10 Things to Do Before Editing Your First Draft

Jumping into your second draft without any preparation is a dangerous mistake. Learn what you can do to better prepare yourself for success in 10 Things To Do Before Editing Your First Draft from ShesNovel.com

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So, you've finished the first draft of your novel. Congratulations!

With a completed draft under your belt, it can be tempting to dive straight into edits, revising all of those pesky plot holes and other weaknesses you created along the way. This, however, would likely be a big mistake. Revising is a massive undertaking, requiring plenty of planning and objective thinking.

With that in mind, let's take a look at ten smart steps you can take before launching head first into the overwhelm that is editing a full-length story. How much time and effort you put into each step may vary depending on several factors, but each one is important to consider no matter your writing process. Shall we begin?
 

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Step #1: Take a BReak.

Editing requires objectivity, and so one of the worst mistakes you can make is to jump straight back into your manuscript after completing the first draft. To revise effectively, you need to put a little distance between you and your story. 

Generally, I'd recommend waiting at least two weeks before taking a second look at your story, or one to two months for best results. In the meantime, you can draft your next book, plan a new project, catch up on your TBR list, or otherwise refill your creative well.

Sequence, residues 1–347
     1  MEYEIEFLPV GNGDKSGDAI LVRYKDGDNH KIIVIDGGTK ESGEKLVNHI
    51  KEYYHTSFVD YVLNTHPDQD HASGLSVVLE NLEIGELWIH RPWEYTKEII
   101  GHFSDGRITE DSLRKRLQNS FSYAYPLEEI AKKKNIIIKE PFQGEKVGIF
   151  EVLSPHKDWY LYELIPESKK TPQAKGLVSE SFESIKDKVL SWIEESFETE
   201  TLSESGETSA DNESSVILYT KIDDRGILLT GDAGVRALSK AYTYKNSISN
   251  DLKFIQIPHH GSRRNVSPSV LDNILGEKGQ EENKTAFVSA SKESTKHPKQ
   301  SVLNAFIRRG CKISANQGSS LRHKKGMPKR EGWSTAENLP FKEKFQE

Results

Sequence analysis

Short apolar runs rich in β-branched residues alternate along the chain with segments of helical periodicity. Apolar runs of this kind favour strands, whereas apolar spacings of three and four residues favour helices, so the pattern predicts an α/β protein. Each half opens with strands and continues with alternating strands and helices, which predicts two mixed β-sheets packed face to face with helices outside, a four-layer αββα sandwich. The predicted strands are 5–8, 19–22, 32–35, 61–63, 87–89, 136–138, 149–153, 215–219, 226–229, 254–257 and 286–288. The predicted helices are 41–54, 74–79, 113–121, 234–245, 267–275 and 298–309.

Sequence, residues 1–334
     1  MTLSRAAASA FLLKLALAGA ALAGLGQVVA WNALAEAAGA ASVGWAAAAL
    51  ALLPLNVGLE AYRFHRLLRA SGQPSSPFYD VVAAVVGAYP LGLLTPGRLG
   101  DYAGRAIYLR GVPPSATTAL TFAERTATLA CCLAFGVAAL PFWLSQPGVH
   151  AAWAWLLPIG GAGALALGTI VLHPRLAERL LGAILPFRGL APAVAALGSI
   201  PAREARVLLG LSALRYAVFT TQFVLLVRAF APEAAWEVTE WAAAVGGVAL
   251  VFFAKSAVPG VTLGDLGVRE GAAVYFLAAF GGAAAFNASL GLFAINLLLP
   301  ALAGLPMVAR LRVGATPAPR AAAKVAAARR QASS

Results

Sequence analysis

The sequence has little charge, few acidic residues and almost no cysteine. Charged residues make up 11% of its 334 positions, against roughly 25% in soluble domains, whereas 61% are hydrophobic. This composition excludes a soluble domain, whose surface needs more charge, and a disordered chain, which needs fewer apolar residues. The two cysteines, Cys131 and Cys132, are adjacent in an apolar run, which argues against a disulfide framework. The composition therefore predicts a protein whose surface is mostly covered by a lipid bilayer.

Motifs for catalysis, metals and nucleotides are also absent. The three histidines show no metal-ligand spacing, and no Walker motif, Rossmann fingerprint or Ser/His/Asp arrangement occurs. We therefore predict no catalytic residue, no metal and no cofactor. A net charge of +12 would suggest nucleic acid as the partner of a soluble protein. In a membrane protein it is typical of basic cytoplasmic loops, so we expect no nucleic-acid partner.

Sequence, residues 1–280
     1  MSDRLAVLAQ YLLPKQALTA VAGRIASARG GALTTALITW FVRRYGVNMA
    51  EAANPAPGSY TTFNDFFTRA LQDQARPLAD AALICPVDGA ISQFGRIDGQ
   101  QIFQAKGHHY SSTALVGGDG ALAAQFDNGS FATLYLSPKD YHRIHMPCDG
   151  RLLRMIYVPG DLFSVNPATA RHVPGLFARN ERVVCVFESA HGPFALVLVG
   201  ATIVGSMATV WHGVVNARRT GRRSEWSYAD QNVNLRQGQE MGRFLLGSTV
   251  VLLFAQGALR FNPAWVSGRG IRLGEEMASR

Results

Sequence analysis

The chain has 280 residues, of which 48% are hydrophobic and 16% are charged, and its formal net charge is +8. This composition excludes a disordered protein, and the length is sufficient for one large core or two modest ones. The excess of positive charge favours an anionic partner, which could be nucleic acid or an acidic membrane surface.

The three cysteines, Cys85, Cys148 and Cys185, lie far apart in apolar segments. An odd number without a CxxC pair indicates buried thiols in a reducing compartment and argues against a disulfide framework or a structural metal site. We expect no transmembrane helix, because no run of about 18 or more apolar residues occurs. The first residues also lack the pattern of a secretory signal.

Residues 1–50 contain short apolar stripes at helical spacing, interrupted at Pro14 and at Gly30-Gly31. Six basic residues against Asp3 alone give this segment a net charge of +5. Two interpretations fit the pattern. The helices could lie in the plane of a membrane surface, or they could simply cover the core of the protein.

Step #2: Read through your manuscript. 

Once you've let your first draft cool off for a bit, it's time to read through what you've written. During this time, resist the urge to take notes or make changes. Read simply to reacquaint yourself with your work, and try your best not to throw your manuscript out the window.

First drafts are rough, all of them. Your own isn't going to be pretty. Luckily, the magic of writing happens in revisions, which we'll begin planning in our next step!

 

Step #3: Take a Look at Your Story's Plot.

With your initial read-through complete, it's time to take a second spin through your manuscript, this time taking notes on any big-picture changes you'd like to make. Specifically, keep an eye out for plot holes and any other weaknesses in your story's arcs.

It's okay if you don't quite know how to fix these issues yet. Just make sure to write them down so you can mull them over in the days and weeks to come.

 

Step #4: Consider Your Story's Pacing.

Consistent pacing is vital to a story's readability. As you work through your draft and iron out the major weaknesses in its plot, consider your story's pacing as well, taking notes on what you'd like to fix or change. Use the following questions as a guide if you're unsure where to begin:

Do certain areas in my story lag too long without conflict or feature way too much action happening at once? Have I given as much attention to the consequences of conflict as I have the conflict itself? Does tension decrease over time in my story rather than amping up as it approaches the climactic sequence?

 

Step #5: Kill Your Darlings.

Being honest about what just isn't working in your story is hard, but it's key to telling the very best story you can. As you read through your manuscript, consider where you went wrong in your first draft. What story elements just don't serve a purpose?